Congressman Juan Vargas was raised on a chicken ranch in National City, in California’s 51st District. He is one of ten children, born to his parents, Tomas and Celina Vargas on March 7, 1961. His father, Tomas, immigrated to the United States from Mexico in the late 1940s as part of the Bracero Program which brought millions of Mexican guest workers to the United States on short-term, primarily agricultural labor contracts, as part of a series of bi-lateral agreements between Mexico and the United States. Through the Bracero Program, Tomas became a legal resident and Juan’s mother, Celina, went on to earn her U.S. Citizenship.
Taught the value of hard work by his parents, Juan attained impressive academic credentials. He attended the University of San Diego on scholarship, graduated Magna Cum Laude receiving a Bachelor of Arts in Political Science in 1983. In 1987, Juan earned a Master of Humanities from Fordham University in New York City and in 1991 earned a Juris Doctorate from Harvard Law School, where he was a classmate of President Barack Obama.
As a young adult, Juan entered the Jesuits, a Catholic religious order, where he worked with disadvantaged communities, including orphaned children and internally displaced people in the jungles of El Salvador. For years, his work with the Jesuits focused on the health and welfare of children and issues of social justice.
Juan left the Jesuits in order to pursue family life. Two years later, he married Adrienne D'Ascoli and they returned to San Diego where Juan worked as an attorney with the law firm of Luce, Forward, Hamilton and Scripps. Although he enjoyed the practice of law, Juan decided to contribute to his southern San Diego community as a public official.
Juan was elected to the San Diego City Council on February 16, 1993. On the Council, he assumed a leadership role in planning, funding, and advocating for public safety, municipal infrastructure and schools. During his eight-year tenure on the San Diego City Council Juan helped establish community-based policing, which has become a national model, fought tobacco advertising directed at children, and helped create the City of San Diego' s 6-to-6 after-school program. He also sponsored a graffiti and home rehabilitation program, known as Operation Restore, which employed homeless individuals in an effort to improve and revitalize blighted homes and neighborhoods in San Diego's urban core.
When President Bill Clinton ordered an invasion of Kosovo in 1999 to end a terrifying regime of “ethnic cleansing,” Juan and Adrienne answered the President’s call to duty and took in a refugee Kosovar family into their home for nearly two years. The family is now thriving and independent, residing in the city of El Cajon.
In 2000, Juan was elected by a wide margin to the California State Assembly. As the State Representative to the 79th Assembly District, Juan represented the southern portion of San Diego, the western portion of Chula Vista, and the cities of Coronado, Imperial Beach, and National City. In his first year as a State Legislator, Juan was appointed Assistant Majority Leader.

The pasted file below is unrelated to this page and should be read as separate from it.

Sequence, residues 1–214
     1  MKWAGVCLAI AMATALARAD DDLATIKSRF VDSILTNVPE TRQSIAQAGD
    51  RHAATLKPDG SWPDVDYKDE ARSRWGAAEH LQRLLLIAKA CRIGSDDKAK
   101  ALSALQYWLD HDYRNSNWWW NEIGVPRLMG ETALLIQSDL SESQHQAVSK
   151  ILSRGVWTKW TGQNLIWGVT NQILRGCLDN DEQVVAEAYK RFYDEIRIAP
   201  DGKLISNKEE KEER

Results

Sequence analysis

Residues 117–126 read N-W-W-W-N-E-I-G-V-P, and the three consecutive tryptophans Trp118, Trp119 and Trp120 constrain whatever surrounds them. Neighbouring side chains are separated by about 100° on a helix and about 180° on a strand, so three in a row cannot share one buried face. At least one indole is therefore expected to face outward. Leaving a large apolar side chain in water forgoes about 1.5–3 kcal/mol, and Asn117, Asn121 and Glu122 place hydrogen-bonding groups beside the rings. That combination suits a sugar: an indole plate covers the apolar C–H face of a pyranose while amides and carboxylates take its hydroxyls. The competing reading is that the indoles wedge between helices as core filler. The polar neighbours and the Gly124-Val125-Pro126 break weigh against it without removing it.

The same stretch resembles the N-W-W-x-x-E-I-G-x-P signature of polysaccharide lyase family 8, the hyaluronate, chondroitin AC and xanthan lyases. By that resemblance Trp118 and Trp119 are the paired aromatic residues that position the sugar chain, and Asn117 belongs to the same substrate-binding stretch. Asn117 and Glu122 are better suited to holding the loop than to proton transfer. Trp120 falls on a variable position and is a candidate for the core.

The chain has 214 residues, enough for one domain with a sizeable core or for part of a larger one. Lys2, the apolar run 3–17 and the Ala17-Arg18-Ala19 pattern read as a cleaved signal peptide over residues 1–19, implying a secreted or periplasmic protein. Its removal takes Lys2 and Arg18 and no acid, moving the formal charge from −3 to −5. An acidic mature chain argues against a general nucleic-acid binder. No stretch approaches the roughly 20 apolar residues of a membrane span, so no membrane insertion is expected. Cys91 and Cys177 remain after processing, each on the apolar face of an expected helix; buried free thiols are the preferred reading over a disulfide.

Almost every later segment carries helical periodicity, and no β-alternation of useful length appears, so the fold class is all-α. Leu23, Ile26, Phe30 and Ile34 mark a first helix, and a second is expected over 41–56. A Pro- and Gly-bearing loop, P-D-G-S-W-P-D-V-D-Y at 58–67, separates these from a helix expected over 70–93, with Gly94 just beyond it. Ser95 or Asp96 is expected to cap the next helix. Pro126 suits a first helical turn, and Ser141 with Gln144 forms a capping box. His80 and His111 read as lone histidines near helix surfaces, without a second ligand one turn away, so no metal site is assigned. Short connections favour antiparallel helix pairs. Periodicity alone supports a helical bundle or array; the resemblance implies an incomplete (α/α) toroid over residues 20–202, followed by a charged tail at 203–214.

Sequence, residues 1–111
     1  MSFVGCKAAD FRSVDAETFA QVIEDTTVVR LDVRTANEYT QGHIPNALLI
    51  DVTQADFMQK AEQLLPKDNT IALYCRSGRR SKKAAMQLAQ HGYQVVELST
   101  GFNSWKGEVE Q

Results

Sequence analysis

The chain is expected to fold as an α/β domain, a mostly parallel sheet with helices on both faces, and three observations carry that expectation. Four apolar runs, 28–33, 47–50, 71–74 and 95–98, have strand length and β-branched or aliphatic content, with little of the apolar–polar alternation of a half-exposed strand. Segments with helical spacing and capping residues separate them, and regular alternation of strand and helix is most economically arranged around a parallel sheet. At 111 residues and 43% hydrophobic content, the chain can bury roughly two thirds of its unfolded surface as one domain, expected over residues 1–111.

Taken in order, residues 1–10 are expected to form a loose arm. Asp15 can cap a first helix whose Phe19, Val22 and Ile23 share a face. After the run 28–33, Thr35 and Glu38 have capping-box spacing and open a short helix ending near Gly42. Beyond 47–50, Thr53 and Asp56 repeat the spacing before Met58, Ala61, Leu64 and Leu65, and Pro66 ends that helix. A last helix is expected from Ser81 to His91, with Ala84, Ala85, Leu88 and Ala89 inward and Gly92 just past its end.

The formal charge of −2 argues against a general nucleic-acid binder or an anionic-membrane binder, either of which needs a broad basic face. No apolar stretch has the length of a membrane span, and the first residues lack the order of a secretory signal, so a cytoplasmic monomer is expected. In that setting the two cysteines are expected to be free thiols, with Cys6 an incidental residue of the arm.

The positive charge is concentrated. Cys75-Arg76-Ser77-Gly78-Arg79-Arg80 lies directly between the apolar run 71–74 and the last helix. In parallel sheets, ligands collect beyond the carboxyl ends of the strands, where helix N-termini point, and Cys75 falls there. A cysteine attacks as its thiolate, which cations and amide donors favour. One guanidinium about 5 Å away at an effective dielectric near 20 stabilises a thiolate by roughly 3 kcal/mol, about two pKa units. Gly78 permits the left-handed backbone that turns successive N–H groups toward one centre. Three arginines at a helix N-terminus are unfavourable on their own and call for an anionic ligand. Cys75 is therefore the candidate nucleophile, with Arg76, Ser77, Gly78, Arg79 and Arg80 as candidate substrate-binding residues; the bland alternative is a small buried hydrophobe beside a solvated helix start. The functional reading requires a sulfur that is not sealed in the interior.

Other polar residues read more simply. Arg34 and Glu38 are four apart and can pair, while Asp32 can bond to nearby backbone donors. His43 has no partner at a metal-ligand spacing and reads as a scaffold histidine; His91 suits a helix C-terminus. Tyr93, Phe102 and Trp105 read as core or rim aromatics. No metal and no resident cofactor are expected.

Following the end of his term the State Assembly in 2006, Juan went on to serve as Vice President of External Affairs for Safeco Insurance and Vice President of Corporate Legal for Liberty Mutual Group. Both are home, auto, and small business insurance companies and, under these roles, he helped bring jobs to Southern California communities.
In 2010, Juan answered the call to return to public service and was elected to the California State Senate. He represented the 40th California State Senate District, which includes the southern portion of San Diego County, portions of Riverside County, all of Imperial County and California’s entire US/Mexico border.
As a State Senator, Juan worked tirelessly to ensure public safety and protect services to the poor and elderly. He was Chairman of the Banking and Financial Institutions Committee and served on the following committees: Education; Business, Professions and Economic Development; Public Employment and Retirement; Agriculture; the Joint Committee on Rules; and the Select Committee on Recovery, Reform and Re-Alignment.
Juan was first elected to the United States Congress in 2012 with over 70 percent of the vote, the highest in both San Diego and Imperial counties. He represents California’s 51st Congressional District which includes portions of San Diego County, all of Imperial County, and the entire U.S. - Mexico Border in California.
Currently serving his second term in Congress, Juan sits on the Committee on Financial Services, including the Subcommittee on Financial Institutions and Consumer Credit and the Subcommittee on Oversight and Investigations; and the Committee on House Administration.
Juan lives in San Diego with his wife, Adrienne, an executive at the San Diego Foundation, and his daughters, Rosa and Helena.